I had a lovely afternoon drifting in and out of sleep with Tame Impala, Feels Like We Only Go Backwards playing. Afternoon-dreams are always the weirdest and afterwards, I’m never really sure if I were actually asleep or just lying there half awake in a semi-conscious state of mind. I wish I could paint all the images in my head or find some alternative way to express them. Like having a device that records dreams and displays them as some kind of movie or hologram. How cool would that be? But until then I’ll just keep on feeling like M.C Escher, tormented by not being able to express all that goes on in this head of mine(4).
It was my last night in St Helena Bay and I shared an amazing dinner with my hosts. They cooked a mouth-watering Thai-inspired meal with tastes I can't even properly identify. It was splendid. They shared some wine with me, and we watched Sri Lanka absolutely destroying us during the final over of the Twenty20(5). I went back to my room with The Little Prince on in the background. Another story about holding on to the child in you, beautifully congruent with the other movies that crossed my path over the previous few days. I love the old pilot and can imagine my house looking like his one day. The part where the little girl lights up her room with the glowing stars reminded me of my own room when I was young and also this one time a had the privilege of swimming in the stars - one of the most memorable moments of my life. I was on Koh Rong Island off the coast of Cambodia, where two friends and I went for a late night swim at a spot filled with bio-luminescent plankton. As we moved the water around us, the plankton started glowing. Magical does not even describe it. Swimming in a sea of lights, below the shimmering night sky not knowing which side is up and which is down, is a feeling that will never fade away.
I went to bed watching an old rerun of 50/50 in which they were still busy campaigning the Brenton Blue Butterfly case. What a lovely success story. Two decades later and we have a beautiful nature reserve dedicated to a group of endemic, critically endangered butterflies(6).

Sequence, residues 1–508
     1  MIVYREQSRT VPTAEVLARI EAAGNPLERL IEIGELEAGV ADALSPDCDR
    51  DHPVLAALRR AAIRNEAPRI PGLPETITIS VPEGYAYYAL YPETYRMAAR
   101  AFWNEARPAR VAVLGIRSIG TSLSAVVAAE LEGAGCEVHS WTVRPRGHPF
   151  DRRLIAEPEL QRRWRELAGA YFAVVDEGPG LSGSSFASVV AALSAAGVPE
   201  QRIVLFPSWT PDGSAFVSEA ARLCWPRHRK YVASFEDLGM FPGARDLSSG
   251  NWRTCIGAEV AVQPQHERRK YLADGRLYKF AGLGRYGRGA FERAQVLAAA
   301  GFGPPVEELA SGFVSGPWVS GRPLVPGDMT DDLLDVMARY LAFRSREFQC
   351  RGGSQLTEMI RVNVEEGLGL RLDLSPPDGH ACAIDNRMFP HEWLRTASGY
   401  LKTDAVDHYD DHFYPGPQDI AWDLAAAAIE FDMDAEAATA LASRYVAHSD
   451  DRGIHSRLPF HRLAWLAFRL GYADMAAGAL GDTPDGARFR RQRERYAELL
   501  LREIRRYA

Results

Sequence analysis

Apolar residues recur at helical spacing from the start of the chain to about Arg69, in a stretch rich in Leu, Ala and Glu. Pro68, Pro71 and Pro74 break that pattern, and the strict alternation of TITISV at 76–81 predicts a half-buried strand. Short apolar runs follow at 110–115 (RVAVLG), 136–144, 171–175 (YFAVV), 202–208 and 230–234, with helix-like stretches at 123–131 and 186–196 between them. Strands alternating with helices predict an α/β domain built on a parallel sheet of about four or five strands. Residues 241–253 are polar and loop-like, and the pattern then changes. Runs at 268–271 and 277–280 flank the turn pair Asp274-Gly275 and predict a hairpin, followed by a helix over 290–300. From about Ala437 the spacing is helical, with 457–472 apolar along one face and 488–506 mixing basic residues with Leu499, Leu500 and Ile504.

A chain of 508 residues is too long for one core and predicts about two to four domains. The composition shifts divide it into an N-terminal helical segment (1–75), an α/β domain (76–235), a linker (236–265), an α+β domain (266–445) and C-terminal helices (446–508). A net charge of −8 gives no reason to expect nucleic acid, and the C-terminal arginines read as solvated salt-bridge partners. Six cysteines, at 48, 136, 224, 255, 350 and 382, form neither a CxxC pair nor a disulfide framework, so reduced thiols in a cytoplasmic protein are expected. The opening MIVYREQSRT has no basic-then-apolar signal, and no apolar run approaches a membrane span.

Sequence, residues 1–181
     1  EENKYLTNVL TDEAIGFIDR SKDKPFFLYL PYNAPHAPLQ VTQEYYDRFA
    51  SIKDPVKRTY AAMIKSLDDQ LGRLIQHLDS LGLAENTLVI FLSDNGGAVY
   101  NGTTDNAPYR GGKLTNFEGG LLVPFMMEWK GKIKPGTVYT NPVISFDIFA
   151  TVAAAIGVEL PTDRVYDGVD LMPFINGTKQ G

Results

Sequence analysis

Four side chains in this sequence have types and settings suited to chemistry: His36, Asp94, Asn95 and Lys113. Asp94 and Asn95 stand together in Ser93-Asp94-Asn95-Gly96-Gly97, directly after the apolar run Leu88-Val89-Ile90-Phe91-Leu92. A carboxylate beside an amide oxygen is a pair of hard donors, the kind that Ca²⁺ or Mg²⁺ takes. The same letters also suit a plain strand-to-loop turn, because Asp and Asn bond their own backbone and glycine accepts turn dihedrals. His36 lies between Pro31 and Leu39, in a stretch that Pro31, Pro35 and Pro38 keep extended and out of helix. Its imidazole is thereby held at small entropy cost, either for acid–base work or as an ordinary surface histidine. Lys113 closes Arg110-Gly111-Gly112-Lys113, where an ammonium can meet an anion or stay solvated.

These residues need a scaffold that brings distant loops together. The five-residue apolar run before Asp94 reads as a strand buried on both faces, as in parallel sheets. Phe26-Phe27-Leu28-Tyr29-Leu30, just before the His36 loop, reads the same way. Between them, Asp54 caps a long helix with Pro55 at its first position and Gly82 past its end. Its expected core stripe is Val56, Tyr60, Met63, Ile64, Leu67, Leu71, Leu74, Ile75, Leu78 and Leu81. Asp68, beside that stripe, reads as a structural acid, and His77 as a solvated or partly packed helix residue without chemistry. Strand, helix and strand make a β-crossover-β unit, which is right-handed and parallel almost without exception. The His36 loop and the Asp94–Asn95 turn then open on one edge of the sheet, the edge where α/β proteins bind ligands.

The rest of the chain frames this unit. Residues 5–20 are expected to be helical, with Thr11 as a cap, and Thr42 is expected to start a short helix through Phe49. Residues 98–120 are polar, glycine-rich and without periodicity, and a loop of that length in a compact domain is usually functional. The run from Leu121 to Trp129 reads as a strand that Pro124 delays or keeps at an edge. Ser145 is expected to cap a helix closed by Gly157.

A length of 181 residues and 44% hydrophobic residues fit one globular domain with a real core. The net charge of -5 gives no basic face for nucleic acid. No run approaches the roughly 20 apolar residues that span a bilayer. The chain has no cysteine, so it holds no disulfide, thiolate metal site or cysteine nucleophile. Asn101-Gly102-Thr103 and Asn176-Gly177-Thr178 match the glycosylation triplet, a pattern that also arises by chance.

(1) I keep bringing up Korea in my posts. Bare with me. I lived there for two years and it played a big part in my life. It served as a stepping stone between an old life, which I wasn't always all too pleased with, to life now, which is quite wonderful, to say the least. The beautiful countryside also inspired a lot of art which I took great pleasure in creating.
(2) Dawie die Kabouter is one of many children shows I watched when I was young. It's a magical show about these little gnomes, living in the forest riding on the backs of animals, protecting the forest from human damage. I'm referring to the ending of this episode. (Here in Dutch, since it was the closest to Afrikaans I could find.)
(3) Pretorian Afrikaans. We have a bunch of regional accents down here, with people from Pretoria usually over-rounding our "a's".
(4) I once came upon this passage in a book about the graphic artist M.C. Esher, The Magic Mirror of M. C. Escher. "...at times I have been nearly demented with wretchedness at being unable to express these things in visual terms. In comparison with the thoughts, every single print is a failure and reflects not even a fraction of what might have been."
(5) Twenty20 is a shortened game of cricket which is played in an afternoon.
(6) The Brenton Blue Butterfly is one of the rarest butterfly species in the world and their existence was threatened by a housing development in the late 80's. 50/50 is an environmental show that did a number of features on the butterflies back in the early 90's which eventually resulted in the establishment of the Brenton Blue Butterfly Reserve.